However, not all of us are physically blind, but there is one thing common to all of us. We fall short of God’s glory because of our sins, leading us to our spiritual blindness. Spiritual blindness in this context, encompasses our spiritual mischiefs, vulnerable to spiritual death. Our spiritual mischiefs that we are powerless to cure ourselves, nor by others. Jesus is the only person who can because he is the light.
But Jesus cannot be the light without taking the hard way. In fact three years earlier, in the beginning of his work of salvation, he would have willingly taken the easy way by turning stone into bread; by falling from the pinnacle and still can be upheld by angels, and by admiring and worshipping the world rather than God. Jesus rebuked all these (Mt. 4:1-11; Lk.4:1-13). If Jesus is to be the light, he must take on himself sacrifice and pain. He must be willing to be crowned with thorns. He must be willing to be nailed. He must welcome even death. Jesus had proved then, that he is the absolute light of this world, penetrating and giving light even to the darkest corners of our beings, when he said to his killers at the Cross, “Father forgive them for they know not what they do” (Lk.23:34); and to the criminal hanging besides him, “I promise you that today you will be with me in Paradise” (Lk.23:43). These are the greatest words Jesus uttered to unwrap God’s very heart of God’s greatest gift of love and forgiveness for humankind. Saying these words in the midst of bitter agony, speaks loud of Jesus’ greatest undertaking for human sake. The reality is that, no sin is greater to be absolved by the light of Christ, nor there is an empty tomb remain darkened through the power of Jesus – the light in his resurrection. In other words, the light that was overshadowed by the darkness of the Cross had now been overpowered by the light of the empty tomb. Hopelessness had been transformed into new hope, death into new life and sin into grace.
Realising and believing the Gospel then that, we can be ordained through the sacrament of baptism to become members of Christ’s family. There are few very important affirmations and vows that we take at baptism, inclusively important that we believe and trust in the Trinity God. Only when we make that affirmation that we become members of Christ’s family, confirmed by the words of the church at baptism, “we welcome this person into the family of the church…” However, our being welcomed into Christ’s family the church, demands a life of prayer, so that we become Christ-like. To be Christ-like is then, “to grow in the faith of Christ crucified, and be always bold to fight against self, sin and Satan, so that at the end of our lives, we may be faithful servants of our Lord Jesus Christ”. This is also part of a simple prayer in the Baptism rites, but one that can be taken as a summary of what baptism means. The sacrament of baptism therefore, is not only the realisation of the Salvation work of God, but it is a deed through faith that we die to sin with Christ and reborn again to new life. In that, we become God’s children inheriting the God’s Kingdom.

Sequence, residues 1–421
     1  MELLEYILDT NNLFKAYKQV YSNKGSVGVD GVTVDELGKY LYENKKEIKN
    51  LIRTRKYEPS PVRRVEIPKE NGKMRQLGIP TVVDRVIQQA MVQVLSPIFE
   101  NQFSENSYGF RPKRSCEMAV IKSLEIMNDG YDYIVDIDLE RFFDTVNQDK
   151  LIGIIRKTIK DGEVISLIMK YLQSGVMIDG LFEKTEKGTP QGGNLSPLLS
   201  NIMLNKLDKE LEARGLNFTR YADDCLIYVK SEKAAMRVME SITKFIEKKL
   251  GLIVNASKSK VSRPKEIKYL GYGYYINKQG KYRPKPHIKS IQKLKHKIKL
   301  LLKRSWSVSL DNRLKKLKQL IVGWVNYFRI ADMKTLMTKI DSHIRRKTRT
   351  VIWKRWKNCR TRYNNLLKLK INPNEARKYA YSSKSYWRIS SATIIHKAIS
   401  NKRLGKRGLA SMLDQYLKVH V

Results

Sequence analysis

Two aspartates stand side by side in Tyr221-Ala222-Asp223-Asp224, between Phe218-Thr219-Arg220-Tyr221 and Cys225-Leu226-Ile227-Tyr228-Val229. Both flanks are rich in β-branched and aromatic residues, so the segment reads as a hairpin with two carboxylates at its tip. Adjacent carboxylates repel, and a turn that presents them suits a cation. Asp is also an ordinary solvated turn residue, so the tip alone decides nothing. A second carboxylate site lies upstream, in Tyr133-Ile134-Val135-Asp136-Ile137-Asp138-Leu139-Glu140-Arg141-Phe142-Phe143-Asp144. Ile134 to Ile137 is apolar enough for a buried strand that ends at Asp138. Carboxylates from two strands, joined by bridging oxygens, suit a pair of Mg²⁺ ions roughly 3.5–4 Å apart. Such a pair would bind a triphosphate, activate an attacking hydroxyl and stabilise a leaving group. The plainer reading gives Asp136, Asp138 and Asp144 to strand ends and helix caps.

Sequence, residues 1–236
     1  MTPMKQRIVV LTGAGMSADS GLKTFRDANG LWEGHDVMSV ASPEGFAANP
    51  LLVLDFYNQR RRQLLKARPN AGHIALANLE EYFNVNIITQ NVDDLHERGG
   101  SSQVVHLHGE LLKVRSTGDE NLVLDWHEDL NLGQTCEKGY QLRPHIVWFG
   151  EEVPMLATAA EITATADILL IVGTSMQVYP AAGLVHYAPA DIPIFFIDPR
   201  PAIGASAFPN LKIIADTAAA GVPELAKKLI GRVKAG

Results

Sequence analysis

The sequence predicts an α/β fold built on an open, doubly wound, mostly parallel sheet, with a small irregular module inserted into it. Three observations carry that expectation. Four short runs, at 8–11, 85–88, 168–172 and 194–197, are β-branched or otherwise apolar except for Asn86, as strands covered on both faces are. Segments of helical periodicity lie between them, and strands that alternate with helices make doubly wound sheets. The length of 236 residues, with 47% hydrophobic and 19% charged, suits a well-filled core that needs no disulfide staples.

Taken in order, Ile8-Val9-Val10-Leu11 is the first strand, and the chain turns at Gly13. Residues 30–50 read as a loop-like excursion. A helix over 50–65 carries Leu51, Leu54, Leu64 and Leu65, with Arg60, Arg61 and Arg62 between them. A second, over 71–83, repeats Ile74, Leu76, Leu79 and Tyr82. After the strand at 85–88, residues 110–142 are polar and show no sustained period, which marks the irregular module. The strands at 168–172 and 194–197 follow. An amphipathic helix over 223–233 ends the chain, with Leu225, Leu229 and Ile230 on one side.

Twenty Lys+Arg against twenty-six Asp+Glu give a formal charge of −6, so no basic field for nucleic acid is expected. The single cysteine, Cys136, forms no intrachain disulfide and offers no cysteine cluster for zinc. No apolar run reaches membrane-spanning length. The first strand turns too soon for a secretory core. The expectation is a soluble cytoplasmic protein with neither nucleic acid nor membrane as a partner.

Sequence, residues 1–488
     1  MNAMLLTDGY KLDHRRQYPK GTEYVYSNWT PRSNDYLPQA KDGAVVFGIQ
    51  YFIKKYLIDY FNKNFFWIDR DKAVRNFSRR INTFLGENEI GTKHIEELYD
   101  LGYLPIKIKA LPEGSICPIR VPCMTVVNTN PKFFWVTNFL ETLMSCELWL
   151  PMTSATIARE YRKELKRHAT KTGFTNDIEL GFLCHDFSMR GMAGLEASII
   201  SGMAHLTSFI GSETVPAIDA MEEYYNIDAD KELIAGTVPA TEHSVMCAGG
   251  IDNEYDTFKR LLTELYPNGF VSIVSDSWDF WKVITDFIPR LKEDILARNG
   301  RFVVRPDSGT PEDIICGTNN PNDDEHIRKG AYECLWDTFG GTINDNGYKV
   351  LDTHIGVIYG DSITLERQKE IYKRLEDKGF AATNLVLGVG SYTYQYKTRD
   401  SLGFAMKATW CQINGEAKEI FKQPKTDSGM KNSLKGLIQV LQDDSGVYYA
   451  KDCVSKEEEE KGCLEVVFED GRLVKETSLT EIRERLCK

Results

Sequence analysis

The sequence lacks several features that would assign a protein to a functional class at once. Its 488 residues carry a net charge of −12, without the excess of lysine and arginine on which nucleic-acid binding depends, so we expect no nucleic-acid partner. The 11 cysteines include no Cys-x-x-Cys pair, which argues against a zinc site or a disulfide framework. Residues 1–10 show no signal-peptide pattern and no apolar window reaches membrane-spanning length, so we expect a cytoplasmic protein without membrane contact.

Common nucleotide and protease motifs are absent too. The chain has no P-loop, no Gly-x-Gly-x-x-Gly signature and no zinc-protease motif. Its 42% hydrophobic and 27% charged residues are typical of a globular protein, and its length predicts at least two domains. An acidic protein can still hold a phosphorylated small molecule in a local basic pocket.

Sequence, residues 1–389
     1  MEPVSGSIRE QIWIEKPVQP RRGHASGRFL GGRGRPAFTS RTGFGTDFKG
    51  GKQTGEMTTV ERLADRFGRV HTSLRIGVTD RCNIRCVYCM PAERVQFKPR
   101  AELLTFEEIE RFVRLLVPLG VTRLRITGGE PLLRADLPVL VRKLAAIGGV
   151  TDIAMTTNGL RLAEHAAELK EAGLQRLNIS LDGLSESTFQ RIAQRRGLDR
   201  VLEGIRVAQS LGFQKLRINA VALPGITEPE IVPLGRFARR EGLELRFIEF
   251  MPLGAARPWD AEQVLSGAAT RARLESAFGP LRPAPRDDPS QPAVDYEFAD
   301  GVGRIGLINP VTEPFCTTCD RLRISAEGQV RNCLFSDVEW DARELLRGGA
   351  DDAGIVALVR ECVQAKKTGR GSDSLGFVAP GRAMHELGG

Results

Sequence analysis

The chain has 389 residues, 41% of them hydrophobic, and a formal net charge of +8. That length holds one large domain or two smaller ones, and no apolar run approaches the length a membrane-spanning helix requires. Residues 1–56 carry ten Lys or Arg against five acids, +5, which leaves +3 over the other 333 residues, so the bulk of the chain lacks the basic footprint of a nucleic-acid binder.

Our becoming member of Christ’s family then qualifies us to be partakers of the Body and Blood of Jesus through the sacrament of Eucharist. The wounded, bloody and ugly Jesus becomes a reality to us in the Eucharist.
Likewise the sacrament of Eucharist reflects the promise of glory that we hope to share with the Risen Lord. No longer are we people of the dark. No longer are we people of hopelessness. No longer are we people of death rotting away in the grave. Through the Eucharist we are sharing in the Body of Christ, and that sharing is eternal everlasting. In other words, sharing in the Eucharist is sharing with Christ, not only in his banquet/feast but in his holy fellowship, so that no longer we are darkened, disfigured and made ugly by sinfulness. The Eucharist is no longer a mere re-enactment of the past Upper Room but it is life, it is Salvation.
In summary, this is the Gospel. The gospel simply is the story of the Salvation act of God through Jesus his Son. There have been people who in the history have attempted to take on the role of Jesus and their mission failed. And some even have died. If then Jesus is the gospel, what part of the story of Jesus is the gospel? The simplest answer is, the whole story of Jesus is climaxed in the story of the darkness of Cross, but forfeited by the empty tomb that created a new beginning of hope and life. The Jesus of light therefore can be perceived and glorified through baptism and the Eucharist. The rugged Cross on Calvary on Good Friday, and the Empty Tomb on Easter morning are both mysterious and holy. Likewise, baptism and the Eucharist are also mysterious and holy, only to be meaningful and purposeful in Christian life through faith. This is the gospel that we are warned of by St. Paul, not be like the Greeks who thought of the gospel as foolish, because they depend on wisdom and not faith. And not to be like the Jews because they depend on the law rather than faith (1Cor.1:18-24).
By Rev’d Dr. Atkin Zaku